When it comes to formal separation, couples generally follow one of two key routes. Whether you part ways using a deed of separation or separation agreement or you secure a judicial separation, our expert family law solicitors HOMS Assist, will guide you through the process. Here we outline the main provisions of both routes to separation:
Deed of Separation or Separation Agreement
This is the most straightforward route to separation. Both parties agree to the terms of their separation and sign a separation agreement, which then binds them contractually. Before signing the deed, both parties should swear affidavits of means detailing their income and assets. Remember however, that any terms relating to pensions may not be enforceable against the pension trustees or legally binding. This is why many separating couples seek a consent order for judicial separation where terms are agreed.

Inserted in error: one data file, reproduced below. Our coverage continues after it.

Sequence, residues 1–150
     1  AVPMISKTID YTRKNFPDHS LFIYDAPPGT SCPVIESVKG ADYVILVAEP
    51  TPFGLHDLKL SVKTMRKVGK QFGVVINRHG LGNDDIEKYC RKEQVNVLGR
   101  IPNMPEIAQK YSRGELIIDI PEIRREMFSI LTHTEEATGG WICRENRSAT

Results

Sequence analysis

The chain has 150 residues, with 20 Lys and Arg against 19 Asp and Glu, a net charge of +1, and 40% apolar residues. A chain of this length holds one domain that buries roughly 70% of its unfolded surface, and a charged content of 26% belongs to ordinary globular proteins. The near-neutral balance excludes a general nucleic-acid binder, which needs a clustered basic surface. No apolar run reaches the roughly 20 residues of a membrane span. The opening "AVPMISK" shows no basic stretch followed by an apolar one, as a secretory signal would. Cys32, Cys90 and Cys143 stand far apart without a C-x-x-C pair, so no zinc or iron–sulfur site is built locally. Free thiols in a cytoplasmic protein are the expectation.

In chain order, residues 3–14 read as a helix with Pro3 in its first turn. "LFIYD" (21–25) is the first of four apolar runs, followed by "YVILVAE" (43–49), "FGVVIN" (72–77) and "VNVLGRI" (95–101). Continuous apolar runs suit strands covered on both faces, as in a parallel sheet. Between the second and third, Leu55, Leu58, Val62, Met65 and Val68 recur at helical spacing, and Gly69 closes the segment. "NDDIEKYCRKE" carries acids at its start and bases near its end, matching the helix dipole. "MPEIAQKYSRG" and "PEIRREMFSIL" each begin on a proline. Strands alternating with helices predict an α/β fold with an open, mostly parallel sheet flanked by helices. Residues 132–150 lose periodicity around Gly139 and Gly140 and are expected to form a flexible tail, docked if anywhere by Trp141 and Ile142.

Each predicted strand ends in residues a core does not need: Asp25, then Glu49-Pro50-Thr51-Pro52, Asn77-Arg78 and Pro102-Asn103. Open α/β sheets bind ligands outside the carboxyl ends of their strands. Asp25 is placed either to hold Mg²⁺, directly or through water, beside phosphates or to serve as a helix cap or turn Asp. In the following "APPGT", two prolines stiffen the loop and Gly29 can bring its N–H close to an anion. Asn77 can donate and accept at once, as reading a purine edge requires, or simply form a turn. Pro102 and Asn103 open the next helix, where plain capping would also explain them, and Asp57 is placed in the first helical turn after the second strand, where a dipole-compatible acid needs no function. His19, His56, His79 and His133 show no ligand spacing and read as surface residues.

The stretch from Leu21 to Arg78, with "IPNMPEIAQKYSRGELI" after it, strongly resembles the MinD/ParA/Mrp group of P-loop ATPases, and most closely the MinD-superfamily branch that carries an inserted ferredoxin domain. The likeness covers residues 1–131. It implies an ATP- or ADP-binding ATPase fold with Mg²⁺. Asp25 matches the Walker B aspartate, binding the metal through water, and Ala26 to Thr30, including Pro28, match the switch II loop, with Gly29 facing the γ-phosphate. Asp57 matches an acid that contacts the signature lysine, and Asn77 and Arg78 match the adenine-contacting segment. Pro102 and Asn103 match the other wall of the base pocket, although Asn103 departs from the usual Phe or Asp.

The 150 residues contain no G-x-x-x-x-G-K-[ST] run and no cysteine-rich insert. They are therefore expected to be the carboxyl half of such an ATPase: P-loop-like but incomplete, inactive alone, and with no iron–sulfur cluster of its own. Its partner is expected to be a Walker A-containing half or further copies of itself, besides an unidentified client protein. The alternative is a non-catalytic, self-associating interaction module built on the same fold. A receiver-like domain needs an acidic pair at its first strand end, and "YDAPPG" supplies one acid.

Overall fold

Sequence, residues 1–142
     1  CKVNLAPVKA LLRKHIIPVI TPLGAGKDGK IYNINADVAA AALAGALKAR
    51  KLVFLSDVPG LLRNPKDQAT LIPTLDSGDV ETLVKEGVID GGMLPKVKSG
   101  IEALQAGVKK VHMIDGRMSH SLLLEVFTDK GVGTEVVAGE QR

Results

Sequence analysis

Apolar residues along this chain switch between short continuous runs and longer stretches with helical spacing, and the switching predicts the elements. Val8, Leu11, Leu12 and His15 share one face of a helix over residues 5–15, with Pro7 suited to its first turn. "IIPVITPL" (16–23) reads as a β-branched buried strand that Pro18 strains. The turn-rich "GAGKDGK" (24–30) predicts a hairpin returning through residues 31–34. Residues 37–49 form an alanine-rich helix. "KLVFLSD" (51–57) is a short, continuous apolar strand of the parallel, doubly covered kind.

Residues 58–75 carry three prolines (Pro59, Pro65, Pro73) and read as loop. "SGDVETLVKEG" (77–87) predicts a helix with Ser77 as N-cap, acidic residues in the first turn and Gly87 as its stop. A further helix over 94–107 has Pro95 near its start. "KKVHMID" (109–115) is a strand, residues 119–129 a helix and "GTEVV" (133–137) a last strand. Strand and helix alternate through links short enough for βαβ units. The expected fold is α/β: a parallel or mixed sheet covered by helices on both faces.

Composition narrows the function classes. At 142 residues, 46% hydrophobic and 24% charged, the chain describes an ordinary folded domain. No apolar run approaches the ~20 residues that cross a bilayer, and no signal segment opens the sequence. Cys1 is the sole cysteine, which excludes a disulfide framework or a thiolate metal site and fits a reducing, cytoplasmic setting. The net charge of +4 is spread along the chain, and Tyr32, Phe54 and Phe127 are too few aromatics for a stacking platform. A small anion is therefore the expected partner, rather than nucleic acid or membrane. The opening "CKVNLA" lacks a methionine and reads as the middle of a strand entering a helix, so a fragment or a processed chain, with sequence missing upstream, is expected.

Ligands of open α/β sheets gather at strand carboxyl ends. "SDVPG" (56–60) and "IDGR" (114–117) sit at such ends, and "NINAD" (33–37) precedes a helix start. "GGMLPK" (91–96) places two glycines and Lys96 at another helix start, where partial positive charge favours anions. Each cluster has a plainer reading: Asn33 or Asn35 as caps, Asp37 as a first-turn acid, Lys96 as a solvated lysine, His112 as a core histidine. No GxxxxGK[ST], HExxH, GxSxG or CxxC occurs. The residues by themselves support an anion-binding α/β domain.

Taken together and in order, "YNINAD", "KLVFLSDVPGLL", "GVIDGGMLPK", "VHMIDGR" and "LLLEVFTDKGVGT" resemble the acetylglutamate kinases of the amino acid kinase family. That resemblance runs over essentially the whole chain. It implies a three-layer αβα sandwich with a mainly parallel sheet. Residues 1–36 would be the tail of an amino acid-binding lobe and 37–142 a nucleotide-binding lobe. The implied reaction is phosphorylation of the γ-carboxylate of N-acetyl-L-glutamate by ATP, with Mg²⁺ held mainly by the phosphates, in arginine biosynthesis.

In a judicial separation, one spouse applies, and a court order is eventually made. Matters are not always adversarial, however. If the parties have agreed to matters, terms of settlement or consent can be drafted and made an order of the court by agreement. A court hearing is only required if matters cannot be agreed. A court will grant a judicial separation only if it is satisfied that proper provision has been made for any children and each party to the marriage.
Note: In light of a Supreme Court determination, couples may obtain a separation agreement or a decree of judicial separation—but not both.
Do not worry if you are not sure which is the best option for you: Contact us to secure expert advice tailored to the unique circumstances of your case.